The main feature of this release, implemented by @burnleydev1 during their Outreachy internship, is a huge improvement of the handling of located exceptions raised by ppx-es. Whenever a rewrite of the AST throws such an exception, the ppxlib driver catches it and resumes the rewriting using the latest valid AST it knows of. All caught exceptions are appended to the final AST as [%%ocaml.error ..] nodes. This means the driver returns a valid AST instead of one composed of a single error node corresponding to the first raised exception. This leads to a much better experience for ppx users as merlin now has a valid AST to work with when this happens, allowing it to properly function and report all errors, from ppx-es or otherwise. Note that despite this change we still recommend ppx authors to embed errors in the rewritten AST rather than throw exceptions.

The release also comes with a few bug fixes on longident parsing or windows compatibility and a new simplified API for ppx authors using attributes as flags (i.e. attributes without payloads such as [@ignore] for instance).

You can read the full patch notes here.

We’d like to thank our external contributors for this release:

  • @burnleydev1 for their improvement of the driver exception handling
  • @dianaoigo for their addition of the new attribute flags API
  • @jonahbeckford for their fix of the windows compatibility

We’d also like to thank the OCaml Software Foundation who has been funding my work on this release.

Looking for Ideas for the Community Page at OCaml.org

Shakthi Kannan announced


As we continue to make great strides in 2024, we would like to support and grow our OCaml community!

In this regard, we need to overhaul the OCaml.org Community page, similar to how we have revamped the Package Overview page and the Learn Area based on your feedback.

What are the specific topics or features that you would like to prominently display on the Community landing page?

Are there specific resources, links, and content that you find valuable?

Show us any pages from other communities that you find are well done, and tell us what you think about them.

Please share your thoughts and suggestions for the Community Area page.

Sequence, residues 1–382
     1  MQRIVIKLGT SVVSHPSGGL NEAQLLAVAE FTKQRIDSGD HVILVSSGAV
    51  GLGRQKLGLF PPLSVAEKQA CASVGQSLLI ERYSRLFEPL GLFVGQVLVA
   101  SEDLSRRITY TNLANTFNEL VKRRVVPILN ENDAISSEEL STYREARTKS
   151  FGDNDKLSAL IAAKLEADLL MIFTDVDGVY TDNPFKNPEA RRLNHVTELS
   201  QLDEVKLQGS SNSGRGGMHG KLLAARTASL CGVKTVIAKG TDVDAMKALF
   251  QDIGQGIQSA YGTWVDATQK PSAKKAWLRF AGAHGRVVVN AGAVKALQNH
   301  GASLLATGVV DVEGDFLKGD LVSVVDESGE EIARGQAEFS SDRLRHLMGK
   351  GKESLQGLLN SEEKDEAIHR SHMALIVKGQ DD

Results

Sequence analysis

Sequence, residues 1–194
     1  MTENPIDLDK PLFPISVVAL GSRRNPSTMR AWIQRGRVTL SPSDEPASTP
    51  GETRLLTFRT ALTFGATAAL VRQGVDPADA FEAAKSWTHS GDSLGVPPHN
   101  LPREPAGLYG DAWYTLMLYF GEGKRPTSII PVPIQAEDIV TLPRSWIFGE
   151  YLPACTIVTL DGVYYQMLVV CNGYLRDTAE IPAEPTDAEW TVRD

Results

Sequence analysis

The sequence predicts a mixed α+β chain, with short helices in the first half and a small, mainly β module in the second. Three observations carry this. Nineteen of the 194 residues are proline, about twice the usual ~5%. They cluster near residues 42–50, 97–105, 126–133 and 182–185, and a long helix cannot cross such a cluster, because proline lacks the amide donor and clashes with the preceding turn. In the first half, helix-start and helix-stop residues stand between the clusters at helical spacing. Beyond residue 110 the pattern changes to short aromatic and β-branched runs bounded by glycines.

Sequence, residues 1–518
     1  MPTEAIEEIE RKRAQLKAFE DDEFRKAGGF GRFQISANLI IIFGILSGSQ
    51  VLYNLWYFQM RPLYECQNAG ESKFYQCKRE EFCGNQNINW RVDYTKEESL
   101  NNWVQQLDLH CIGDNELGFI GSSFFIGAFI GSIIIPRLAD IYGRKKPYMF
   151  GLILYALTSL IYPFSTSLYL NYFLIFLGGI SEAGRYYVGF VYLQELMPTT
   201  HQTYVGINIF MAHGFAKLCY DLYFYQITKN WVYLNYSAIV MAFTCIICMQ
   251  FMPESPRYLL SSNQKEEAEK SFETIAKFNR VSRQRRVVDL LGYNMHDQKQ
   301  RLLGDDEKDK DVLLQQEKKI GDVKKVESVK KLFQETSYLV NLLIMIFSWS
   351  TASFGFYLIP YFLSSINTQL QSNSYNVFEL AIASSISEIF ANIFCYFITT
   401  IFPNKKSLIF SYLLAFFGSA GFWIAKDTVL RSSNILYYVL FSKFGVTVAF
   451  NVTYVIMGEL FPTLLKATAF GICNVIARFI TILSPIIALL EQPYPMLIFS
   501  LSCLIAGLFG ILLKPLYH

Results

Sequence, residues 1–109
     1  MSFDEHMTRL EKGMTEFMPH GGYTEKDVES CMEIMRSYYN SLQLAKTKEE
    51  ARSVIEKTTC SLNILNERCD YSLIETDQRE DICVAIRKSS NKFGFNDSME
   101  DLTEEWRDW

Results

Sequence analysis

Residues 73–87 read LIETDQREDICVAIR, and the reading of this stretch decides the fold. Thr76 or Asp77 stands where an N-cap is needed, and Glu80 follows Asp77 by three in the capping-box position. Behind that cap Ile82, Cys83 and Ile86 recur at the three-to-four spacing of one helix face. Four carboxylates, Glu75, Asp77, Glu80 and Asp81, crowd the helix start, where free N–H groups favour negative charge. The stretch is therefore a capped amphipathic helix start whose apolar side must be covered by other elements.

Let’s discuss!

Profiling OCaml programs

Louis Roché announced

Ahrefs recently had to do some profiling to investigate build times. @jchavarri used this opportunity to regroup different techniques in a single document, which was then turned into this blog post.

The post focuses on dune, as it was our target this time. But it applies to basically all ocaml programs.

We hope that it can serve as a starting point if you ever have to conduct similar investigations.


Monadic programming tutorial

Frédéric Loyer announced

I have typed a little monadic programming tutorial.


Hope this helps. Your comments are welcomed.

Tutorial on GADTs

Raphaël Proust announced

I’ve written a three-part tutorial on GADTs. The first part shows the very basic. It is intended for anyone who already knows OCaml but hasn’t written a GADT before. The second part is a collection of different techniques you can use when making your own GADT. It is intended as a follow-up of the first part or for programmers who have written GADTs before but feel like they still have things to learn. The third part is a gallery of GADTs found in the public OCaml software ecosystem. It’s intended for anyone who wants to see practical-use examples.

I intend to expand the gallery of GADTs (part three). Let me know if you have suggestions.

Caqti/ppx_raper tutorial

Frédéric Loyer announced

I propose the following tutorial


It is about Caqti and ppx_rapper use. The tutorial also uses the Lwt_result monad and its (let*) binding operator. This avoid any explicit error handling.

I hope this will be interesting, and will be glad to get some advice to improve this first copy.

Perhaps I should add a section about processing a list of queries (ex: a query returns a list of item and we want to execute a new query for each row)

Re: dune 3.13

Etienne Millon announced

And dune 3.13.1 is available with the following fixes:

  • Fix performance regression for incremental builds (#9769, fixes #9738, @rgrinberg)
  • Fix dune ocaml top-module to correctly handle absolute paths. (#8249, fixes #7370, @Alizter)
  • subst: ignore broken symlinks when looking at source files (#9810, fixes #9593, @emillon)
  • subst: do not fail on 32-bit systems when large files are encountered. Just log a warning in this case. (#9811, fixes #9538, @emillon)
  • boot: sort directory entries in readdir. This makes the dune binary reproducible in terms of filesystem order. (#9861, fixes #9794, @emillon)

Other OCaml News

From the ocaml.org blog